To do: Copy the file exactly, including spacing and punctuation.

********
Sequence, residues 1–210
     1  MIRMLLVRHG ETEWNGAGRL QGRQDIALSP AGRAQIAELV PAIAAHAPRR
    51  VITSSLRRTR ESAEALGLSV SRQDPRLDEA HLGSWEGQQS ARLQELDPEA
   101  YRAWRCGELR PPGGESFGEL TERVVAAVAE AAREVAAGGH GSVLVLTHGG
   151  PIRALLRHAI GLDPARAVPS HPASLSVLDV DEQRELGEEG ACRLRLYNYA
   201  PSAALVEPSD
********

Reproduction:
Sequence, residues 1–210
     1  MIRMLLVRHG ETEWNGAGRL QGRQDIALSP AGRAQIAELV PAIAAHAPRR
    51  VITSSLRRTR ESAEALGLSV SRQDPRLDEA HLGSWEGQQS ARLQELDPEA
   101  YRAWRCGELR PPGGESFGEL TERVVAAVAE AAREVAAGGH GSVLVLTHGG
   151  PIRALLRHAI GLDPARAVPS HPASLSVLDV DEQRELGEEG ACRLRLYNYA
   201  PSAALVEPSD